Puerto Rico Supreme Court to decide fate of new governor

Attorneys submitted arguments by a Tuesday noon deadline in what many consider the biggest decision in the 119-year history of Puerto Rico’s Supreme Court: Who will be the governor of the U.S. territory mired in political and economic turmoil.

After a sustained protest movement led to the resignation of the previous governor, the island’s 3.2 million people now await the final outcome of the constitutional deadlock pitting Puerto Rico’s Senate against Pedro Pierluisi, who was sworn in as governor late Friday.

“We don’t have any other choice except to wait,” said Rita Miranda, a condominium administrator. “We’re in a serious economic crisis, we’re in a serious social crisis, and this is making it worse.”

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Puerto Rico’s nine-member Supreme Court was in summer recess when it decided to take up the lawsuit filed late Sunday by senators seeking a preliminary injunction ordering Pierluisi to immediately cease functioning as governor.

If the Supreme Court finds in favor of the Senate, Justice Secretary Wanda Vázquez would become governor, though she has said she doesn’t want the job.

Pierluisi was named secretary of state while the legislature was out of session last week, and only the House approved his recess appointment. The lawsuit also asks the court to declare unconstitutional a 2005 law saying a secretary of state need not be approved by both the House and Senate if he or she has to step in as governor.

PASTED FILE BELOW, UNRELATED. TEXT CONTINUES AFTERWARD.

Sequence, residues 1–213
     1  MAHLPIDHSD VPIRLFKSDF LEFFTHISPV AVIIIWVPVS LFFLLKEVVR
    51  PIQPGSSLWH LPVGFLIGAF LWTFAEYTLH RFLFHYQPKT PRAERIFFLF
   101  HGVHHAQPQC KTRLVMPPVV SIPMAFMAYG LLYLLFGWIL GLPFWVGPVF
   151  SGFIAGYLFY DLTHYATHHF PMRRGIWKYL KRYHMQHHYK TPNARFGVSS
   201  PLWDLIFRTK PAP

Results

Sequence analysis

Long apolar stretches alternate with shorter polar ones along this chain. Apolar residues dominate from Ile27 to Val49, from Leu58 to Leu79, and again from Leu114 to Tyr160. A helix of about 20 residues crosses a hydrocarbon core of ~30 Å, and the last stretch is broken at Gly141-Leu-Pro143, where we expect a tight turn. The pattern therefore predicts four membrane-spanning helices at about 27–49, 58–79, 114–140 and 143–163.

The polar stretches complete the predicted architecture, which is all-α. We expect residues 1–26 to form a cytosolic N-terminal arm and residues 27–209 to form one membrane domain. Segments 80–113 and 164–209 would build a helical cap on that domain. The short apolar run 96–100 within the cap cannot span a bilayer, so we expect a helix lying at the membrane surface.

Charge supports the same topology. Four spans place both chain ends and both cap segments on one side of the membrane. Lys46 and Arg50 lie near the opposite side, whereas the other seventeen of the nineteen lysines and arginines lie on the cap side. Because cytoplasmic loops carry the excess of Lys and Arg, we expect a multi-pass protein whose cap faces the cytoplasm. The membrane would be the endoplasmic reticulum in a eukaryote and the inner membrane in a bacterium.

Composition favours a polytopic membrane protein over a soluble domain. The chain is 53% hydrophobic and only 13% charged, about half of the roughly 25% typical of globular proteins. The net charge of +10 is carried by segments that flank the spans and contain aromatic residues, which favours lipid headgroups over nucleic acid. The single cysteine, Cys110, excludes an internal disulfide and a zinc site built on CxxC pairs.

Puerto Rico’s constitution, it notes, says a secretary of state must be approved by both chambers.

It was not clear whether the Supreme Court would hold a hearing or simply issue a written opinion. There is no deadline, though legal experts expect a decision within days.

A ruling will be final and cannot be appealed, with a majority of five judges required to declare a law unconstitutional. Six of the nine judges were appointed by governors from Pierluisi’s party, the pro-statehood New Progressive Party, and three by the main opposition Popular Democratic Party. The senator leading the effort against Pierluisi is in his party.

In a 14-page filing, lawyers for Pierluisi accused the Senate of contributing to the island’s political instability and noted it had the opportunity to vote on Pierluisi’s nomination but did not do so.

“Puerto Rico is embarking on a traumatic episode of high political tension that, unquestionably, aggravates the economic crisis that it has been going through for more than a decade, places at risk efforts to recover from the ravages of Hurricanes Irma and Maria (and) adversely affects relations with the federal government,” the filing states.

As Puerto Rico awaits a decision, Pierluisi said Tuesday afternoon that he has been meeting with the director of government agencies, private sector leaders and others.

“I’m going to keep working without rest,” he said as he asked for people’s patience. “We have to keep this boat afloat so it reaches a safe port.”

Some Puerto Ricans were dismayed that after a mass protest movement successfully led to the resignation of Gov. Ricardo Rosselló, the question of his successor now lies in the hands of a court.